Background People with schizophrenia are at high risk of psychotic relapse.The purpose of this study was to evaluate the predictive validity and temporal link of early signs to this.
Methods A study sample of 60 out-patients with schizophrenia was examined every second week over a period of six months. The study design included self-reporting (Early Signs Scale) and objective assessment (General Psychopathology of Positive and Negative Symptom Scale) of behavioural and phenomenological changes (early signs). Criterion cut-off points were based on a comparison to the subjects' individual baseline scores.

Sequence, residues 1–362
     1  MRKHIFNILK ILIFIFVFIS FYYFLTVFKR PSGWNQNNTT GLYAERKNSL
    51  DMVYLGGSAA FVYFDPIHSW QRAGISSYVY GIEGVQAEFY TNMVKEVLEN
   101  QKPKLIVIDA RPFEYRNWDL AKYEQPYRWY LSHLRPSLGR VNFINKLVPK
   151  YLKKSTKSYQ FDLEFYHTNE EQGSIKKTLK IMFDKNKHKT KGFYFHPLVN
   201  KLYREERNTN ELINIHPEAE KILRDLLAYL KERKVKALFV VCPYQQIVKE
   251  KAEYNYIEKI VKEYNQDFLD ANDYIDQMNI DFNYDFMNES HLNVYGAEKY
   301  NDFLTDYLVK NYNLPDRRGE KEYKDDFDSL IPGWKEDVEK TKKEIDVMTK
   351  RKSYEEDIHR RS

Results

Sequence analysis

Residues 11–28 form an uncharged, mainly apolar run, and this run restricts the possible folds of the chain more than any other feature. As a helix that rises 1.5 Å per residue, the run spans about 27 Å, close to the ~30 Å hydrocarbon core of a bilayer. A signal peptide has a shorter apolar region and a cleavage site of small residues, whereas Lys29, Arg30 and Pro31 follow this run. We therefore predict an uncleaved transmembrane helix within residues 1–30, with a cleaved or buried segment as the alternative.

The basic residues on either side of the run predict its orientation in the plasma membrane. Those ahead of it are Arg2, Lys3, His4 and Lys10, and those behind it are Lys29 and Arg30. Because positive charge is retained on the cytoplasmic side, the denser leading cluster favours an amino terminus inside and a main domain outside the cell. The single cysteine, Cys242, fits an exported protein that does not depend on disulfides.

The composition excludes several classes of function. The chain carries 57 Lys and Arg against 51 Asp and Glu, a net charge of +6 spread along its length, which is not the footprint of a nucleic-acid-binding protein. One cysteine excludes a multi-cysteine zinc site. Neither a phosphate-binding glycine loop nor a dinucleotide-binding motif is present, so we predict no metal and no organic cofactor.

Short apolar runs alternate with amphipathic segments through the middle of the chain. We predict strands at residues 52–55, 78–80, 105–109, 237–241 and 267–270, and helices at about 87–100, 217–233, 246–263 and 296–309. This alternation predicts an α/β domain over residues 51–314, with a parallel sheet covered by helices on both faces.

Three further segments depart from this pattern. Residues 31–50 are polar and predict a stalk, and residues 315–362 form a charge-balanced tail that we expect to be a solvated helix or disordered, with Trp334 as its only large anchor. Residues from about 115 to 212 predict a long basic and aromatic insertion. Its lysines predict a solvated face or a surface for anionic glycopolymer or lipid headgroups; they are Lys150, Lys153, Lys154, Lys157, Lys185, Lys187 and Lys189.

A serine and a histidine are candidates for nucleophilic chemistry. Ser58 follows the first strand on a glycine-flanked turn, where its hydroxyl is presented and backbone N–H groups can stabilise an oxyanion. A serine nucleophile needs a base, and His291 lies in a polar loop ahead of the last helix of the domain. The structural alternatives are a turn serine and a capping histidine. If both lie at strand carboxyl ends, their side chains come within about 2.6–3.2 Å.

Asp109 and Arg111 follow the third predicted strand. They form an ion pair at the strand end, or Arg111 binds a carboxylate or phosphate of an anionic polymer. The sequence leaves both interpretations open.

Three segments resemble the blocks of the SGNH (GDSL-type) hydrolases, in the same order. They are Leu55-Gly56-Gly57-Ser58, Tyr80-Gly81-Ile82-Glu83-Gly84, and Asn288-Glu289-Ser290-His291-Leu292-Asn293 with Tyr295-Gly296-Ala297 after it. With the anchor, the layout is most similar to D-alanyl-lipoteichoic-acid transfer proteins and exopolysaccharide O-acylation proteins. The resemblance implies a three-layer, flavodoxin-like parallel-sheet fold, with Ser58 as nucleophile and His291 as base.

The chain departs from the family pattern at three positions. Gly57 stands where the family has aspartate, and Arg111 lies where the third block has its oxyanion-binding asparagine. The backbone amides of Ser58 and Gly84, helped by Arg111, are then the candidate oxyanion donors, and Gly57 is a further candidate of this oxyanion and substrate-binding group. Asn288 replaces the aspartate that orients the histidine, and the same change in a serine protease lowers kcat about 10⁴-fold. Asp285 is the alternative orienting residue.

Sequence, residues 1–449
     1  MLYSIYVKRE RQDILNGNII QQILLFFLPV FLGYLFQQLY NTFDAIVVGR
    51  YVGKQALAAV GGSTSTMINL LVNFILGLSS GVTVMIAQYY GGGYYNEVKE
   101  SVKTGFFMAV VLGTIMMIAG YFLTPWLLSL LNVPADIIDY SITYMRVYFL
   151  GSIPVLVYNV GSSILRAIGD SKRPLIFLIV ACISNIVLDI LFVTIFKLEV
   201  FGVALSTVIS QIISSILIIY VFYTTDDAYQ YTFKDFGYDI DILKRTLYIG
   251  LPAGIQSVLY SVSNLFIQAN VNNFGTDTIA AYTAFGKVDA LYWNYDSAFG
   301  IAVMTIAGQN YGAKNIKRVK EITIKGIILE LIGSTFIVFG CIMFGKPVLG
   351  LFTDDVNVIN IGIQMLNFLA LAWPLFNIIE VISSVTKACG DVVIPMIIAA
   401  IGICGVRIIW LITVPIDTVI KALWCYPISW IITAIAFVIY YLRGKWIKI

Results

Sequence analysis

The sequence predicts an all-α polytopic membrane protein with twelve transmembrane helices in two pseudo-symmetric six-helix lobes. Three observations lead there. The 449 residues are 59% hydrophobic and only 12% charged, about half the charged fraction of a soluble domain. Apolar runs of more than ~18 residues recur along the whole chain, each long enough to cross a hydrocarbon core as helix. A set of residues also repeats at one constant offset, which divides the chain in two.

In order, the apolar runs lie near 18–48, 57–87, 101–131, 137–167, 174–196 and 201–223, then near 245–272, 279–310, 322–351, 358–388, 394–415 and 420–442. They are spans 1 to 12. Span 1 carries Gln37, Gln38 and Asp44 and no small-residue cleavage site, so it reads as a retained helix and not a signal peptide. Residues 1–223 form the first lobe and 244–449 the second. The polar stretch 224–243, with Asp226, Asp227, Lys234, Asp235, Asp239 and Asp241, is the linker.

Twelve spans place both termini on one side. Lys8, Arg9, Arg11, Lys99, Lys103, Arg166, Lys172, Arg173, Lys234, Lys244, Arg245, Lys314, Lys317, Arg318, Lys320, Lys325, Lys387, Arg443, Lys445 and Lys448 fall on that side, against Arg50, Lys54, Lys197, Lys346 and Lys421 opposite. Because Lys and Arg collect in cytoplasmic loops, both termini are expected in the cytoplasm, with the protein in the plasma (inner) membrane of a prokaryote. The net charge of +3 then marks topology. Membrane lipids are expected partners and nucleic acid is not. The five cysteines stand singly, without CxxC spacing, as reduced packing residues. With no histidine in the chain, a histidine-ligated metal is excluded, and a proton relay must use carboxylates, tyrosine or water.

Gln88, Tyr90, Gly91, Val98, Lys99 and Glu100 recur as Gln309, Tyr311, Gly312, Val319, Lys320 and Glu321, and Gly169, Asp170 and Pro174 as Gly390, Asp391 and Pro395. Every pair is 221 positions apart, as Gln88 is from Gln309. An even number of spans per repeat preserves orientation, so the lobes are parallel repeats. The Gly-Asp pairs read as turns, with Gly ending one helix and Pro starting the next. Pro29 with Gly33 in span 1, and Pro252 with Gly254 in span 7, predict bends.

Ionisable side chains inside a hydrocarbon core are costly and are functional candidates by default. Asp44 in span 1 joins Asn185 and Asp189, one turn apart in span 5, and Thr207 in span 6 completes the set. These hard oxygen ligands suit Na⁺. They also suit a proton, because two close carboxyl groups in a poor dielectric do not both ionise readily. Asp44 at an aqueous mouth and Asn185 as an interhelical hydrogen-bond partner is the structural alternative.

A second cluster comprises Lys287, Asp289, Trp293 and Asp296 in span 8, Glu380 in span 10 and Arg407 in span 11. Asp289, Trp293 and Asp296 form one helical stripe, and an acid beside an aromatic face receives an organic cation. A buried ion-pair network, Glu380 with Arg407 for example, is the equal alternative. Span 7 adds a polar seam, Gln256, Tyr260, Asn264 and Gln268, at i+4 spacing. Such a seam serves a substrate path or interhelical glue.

Results Twenty-seven subjects (45%) experienced a relapse. Composite increased score (>or= to 10 points) of self-reported/objectively assessed early signs predicted the relapse with a sensitivity of 81% and a specificity of 79%. Thus the predictive validity of early signs of relapse was considerable, particularly self-reporting of early signs of relapse: sensitivity 74% and specificity 79%. The inclusion of objective assessment added only marginally to the prediction. Early signs were detected most often (70%) within the four weeks immediately before the individuals' relapse.
Conclusion Psychotic relapse is most often preceded by early signs.Clinical practice should integrate this knowledge by an ongoing monitoring including self-reporting.